Kentucky Art and Craft Foundation on Historic West Main Street

      Head, Heart and Hands        Native American Craft Traditions in a Contemporary World


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NATIVE CRAFTS
American Indian exhibit presents a blend of old and new cultures

By DIANE HEILENMAN © The Courier-Journal
From Aug. 16, 1998

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Nathan Youngblood Egg and Pedestal

Margaret Wood - "Charlie Wood's Stoma"

There is a vast resource of artistic talent in North America, which often, goes unseen, unnoticed or is under-appreciated. It is represented in the stunning output of work by aboriginal men and women artists representing every First Nation from Haida, Tlingit and Kwagiutl in the Northwest, Canada and Alaska - Hopi, Zuni, Navajo and Santa Clara in the Southwest - Sioux, Cherokee, Arapaho and Kiowa from the Great Plains - Seminole, Chippewa, Mohawk and Passamaquoddy from the Eastern Woodlands. There are more than 500 culturally diverse tribes recognized in the United States, along with several hundred other unrecognized tribes, from which individual artists reveal the diversity of their personalities, their cultures, their lands and their personal experiences.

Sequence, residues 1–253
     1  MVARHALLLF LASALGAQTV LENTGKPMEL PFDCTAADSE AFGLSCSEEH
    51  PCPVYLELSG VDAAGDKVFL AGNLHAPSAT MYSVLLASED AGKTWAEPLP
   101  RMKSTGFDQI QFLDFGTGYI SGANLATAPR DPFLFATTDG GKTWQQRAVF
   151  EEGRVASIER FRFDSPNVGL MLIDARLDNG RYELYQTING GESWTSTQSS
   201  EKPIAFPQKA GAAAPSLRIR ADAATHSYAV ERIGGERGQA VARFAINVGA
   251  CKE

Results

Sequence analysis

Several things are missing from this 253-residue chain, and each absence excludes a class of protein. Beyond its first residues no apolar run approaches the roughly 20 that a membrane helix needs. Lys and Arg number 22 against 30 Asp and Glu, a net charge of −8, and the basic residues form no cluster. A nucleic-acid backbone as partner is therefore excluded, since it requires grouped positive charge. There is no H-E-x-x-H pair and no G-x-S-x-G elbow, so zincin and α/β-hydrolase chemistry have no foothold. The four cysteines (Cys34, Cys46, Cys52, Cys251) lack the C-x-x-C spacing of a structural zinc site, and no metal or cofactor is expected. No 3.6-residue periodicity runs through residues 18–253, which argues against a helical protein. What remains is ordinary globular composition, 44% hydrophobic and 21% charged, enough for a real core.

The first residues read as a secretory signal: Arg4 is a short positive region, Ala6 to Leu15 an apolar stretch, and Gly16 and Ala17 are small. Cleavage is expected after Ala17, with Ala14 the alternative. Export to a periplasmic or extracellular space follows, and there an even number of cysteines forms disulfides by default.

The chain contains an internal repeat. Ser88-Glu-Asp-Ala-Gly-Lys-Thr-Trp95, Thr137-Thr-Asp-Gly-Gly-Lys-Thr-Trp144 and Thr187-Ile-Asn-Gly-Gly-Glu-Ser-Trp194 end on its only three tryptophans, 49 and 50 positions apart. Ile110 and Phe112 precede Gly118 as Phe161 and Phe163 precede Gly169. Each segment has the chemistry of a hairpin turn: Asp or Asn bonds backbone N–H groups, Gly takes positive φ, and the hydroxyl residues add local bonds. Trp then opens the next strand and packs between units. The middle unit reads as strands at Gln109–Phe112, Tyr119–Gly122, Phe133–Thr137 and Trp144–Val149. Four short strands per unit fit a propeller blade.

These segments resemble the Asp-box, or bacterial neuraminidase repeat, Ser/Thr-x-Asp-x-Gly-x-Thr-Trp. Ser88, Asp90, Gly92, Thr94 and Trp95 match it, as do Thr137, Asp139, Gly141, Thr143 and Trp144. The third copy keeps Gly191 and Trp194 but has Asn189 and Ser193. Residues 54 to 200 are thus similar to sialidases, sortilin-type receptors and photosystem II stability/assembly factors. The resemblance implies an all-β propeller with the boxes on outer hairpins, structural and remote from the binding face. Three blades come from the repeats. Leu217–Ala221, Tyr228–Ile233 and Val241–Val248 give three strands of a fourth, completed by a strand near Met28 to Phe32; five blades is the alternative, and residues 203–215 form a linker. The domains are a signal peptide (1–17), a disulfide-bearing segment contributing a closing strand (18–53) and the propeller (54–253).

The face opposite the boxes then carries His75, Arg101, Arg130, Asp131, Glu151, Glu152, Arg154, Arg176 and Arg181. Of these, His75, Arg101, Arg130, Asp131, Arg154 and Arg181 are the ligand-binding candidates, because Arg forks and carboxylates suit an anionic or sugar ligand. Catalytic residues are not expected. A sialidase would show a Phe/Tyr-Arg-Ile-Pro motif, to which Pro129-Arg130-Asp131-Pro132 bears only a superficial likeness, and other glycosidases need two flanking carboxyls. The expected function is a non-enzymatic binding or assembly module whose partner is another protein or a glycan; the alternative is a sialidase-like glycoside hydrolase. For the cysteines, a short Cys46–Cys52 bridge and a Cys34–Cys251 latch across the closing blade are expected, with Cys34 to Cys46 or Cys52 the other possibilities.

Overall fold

Many Native American artists, exposed to or trained in European art traditions, combine the techniques, forms and imagery of their ancestors with new cultural and market influences. The juxtaposition of Native cultures and European culture has influenced the work of all the artists in this exhibition -- ancient traditions and modern life, public exposure and private rituals.

In an essay for the exhibition, Truman Lowe and Jo Ortel state, Just as traditional Native American arts generally have been influenced over the years, by trade, exchange, and contact with non-Native cultures, individual artists and artisans have likewise brought their unique, personal vision to bear upon their creations. The artists included in this exhibition are no exception.

Head, Heart and Hands seeks to introduce the public to the multiplicity of ways contemporary Native American artists are incorporating their Native art and craft traditions into their individual artistic vision. We hope to highlight and celebrate the rich variety of work being produced by the very best of contemporary Native American craft artists.

Brion Clinkingbeard

Curator

Enter the Show Here

Al Qöyawayma, "3 Corn Sikyatky"

©1998-2000 Kentucky Art and Craft Foundation, 609 West Main Street, Louisville, KY 40202